The planned slaughter of almost 100,000 mink after a coronavirus outbreak on a Spanish farm has renewed questions around COVID-19 and the transmission to animals.
While the US Centers for Disease Control and Prevention (CDC) says there’s no evidence that animals play a significant role in spreading the virus, there have been reports of pets being infected.
And since the coronavirus is believed to have infected wild animals before jumping to humans, this is an area scientists need to learn more about in an effort to control the spread of COVID-19 and future illnesses.
Can animals catch coronavirus?
The coronavirus has been identified on at least 25 mink farms in the Netherlands, according to the country’s government, which said on Friday that it had culled animals at 24 infected farms.
COVID-19 was found in three of 11 cats at one mink farm, and the government said cats may play a role in the spread of the virus between farms.
At a farm in Teruel, Spain, 92,700 mink are to be culled after 78 of 90 animals tested were found to have the coronavirus — 87% of the sample.
There have also been reports of pet cats and dogs infected with the virus in several countries, including New York, Hong Kong and the Netherlands. Eight big cats tested positive at New York’s Bronx Zoo.
Can I catch coronavirus from my pet?
The CDC says the risk of animals spreading COVID-19 to people is “considered to be low” and the agency does not recommend routine testing of pets.
A YouTube video released by the US Food and Drug Administration (FDA) in mid-June said that “it doesn’t seem like animals can give you the virus,” although you may be able to give it to them.
However, Dutch authorities said it was “plausible” that a mink may have infected a human with COVID-19, and instituted mandatory testing of animals at all mink farms in the Netherlands.
Since animals can spread other diseases to humans, it’s always best to wash your hands after touching a pet and before touching your face.
Didn’t the coronavirus originate in wild animals?
Researchers believe the coronavirus spent some time infecting both bats and pangolins before it jumped into humans. Scientists suspect humans first came into contact with an animal sick with the disease at a wet market in China.
But scientists say a third species of animal may have played host to the virus before it spilled over to people.
What is clear is that the coronavirus has swapped genes repeatedly with similar strains infecting bats, pangolins and a possible third species, a team at Duke University, Los Alamos National Laboratory and elsewhere reported in the journal Science Advances in May.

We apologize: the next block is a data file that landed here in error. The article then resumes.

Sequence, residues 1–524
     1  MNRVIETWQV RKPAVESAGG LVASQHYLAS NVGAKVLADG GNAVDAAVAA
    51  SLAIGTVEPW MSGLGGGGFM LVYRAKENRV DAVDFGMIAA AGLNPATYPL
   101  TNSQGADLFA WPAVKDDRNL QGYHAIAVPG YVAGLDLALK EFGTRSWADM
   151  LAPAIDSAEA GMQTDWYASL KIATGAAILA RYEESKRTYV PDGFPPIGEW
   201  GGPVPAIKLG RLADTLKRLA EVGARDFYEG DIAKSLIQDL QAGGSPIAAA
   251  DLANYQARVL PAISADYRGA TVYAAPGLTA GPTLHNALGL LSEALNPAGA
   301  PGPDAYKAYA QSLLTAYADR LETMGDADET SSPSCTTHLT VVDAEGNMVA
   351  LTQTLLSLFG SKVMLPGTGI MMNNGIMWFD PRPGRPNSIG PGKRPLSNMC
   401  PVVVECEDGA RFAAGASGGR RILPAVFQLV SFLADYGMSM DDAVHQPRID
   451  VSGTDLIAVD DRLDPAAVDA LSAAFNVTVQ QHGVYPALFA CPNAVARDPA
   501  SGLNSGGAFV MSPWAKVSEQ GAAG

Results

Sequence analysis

What’s also clear is that people need to reduce contact with wild animals that can transmit new infections, they concluded.
The World Health Organization advises anyone visiting live animal or animal product markets to practice hygiene measures including handwashing and avoiding touching your face. Market and slaughterhouse workers should wear protective clothing and regularly disinfect surfaces.
The World Organization for Animal Health does not recommend any COVID-19-related sanitary measures for the international movement of animals or animal products.
How can I protect my pet from COVID-19?
Consider avoiding dog parks and other crowded public places, the FDA advises. The six-foot distancing rule applies to leashed pets, as well as to other people.
The FDA also suggests avoiding contact with animals if you are sick — if possible, have someone else care for your pet until you’re well again, or wear a face covering around them.
If your pet gets sick after contact with a person with COVID-19, call your veterinarian and find out about telemedicine consultations or other plans for seeing pets.
Some pet owners in China have fitted their dogs with tiny face masks, but Hong Kong’s Society for the Prevention of Cruelty to Animals said there was no benefit to that, and it was probably fairly distressing.
Animal rights groups warned that a bigger risk than the spread of the virus from animals to humans is the “spread of fear” causing owners to abandon their pets.
Should this change how we behave around animals?
Fur farms such as those where the mink outbreaks occurred are banned in many countries because of concerns around animal welfare and ethics.
The Dutch government is working on a plan in which mink farms can voluntarily close before the planned phase-out date of 2024. Fur Free Alliance, an international coalition of animals rights groups, has called for a global closure.
Research published in Science Advances warned that humans are setting ourselves up to be infected with new viruses by operating “wet markets” where many different species of live animals are caged and sold, and by moving deeper into forests where animals live.
They said “reducing or eliminating direct human contact with wild animals is critical to preventing new coronavirus zoonosis [transmission from animals to humans] in the future.”
Jane Goodall, the pioneering chimpanzee expert, said she hoped that the coronavirus would make us reflect on our relationship with the natural world.
She said humans had “disrespected” nature and animals, “and as we destroy the forests and the habitats, species which normally wouldn’t interact have been crowded together” and have been forced into closer contact with humans.
Goodall noted that HIV originated with the hunting of chimpanzees, that Middle East respiratory syndrome — another coronavirus — comes from camels, and that modern farming practices create ideal conditions for a virus to jump from an animal to a human. The climate crisis could also bring further problems and more diseases.
“So, let’s hope we come out of the pandemic and can work out together, a greener future economy, and a better way to live in harmony with the natural world,” Goodall said, “for the sake of the environment, animals, our own health and future generations.”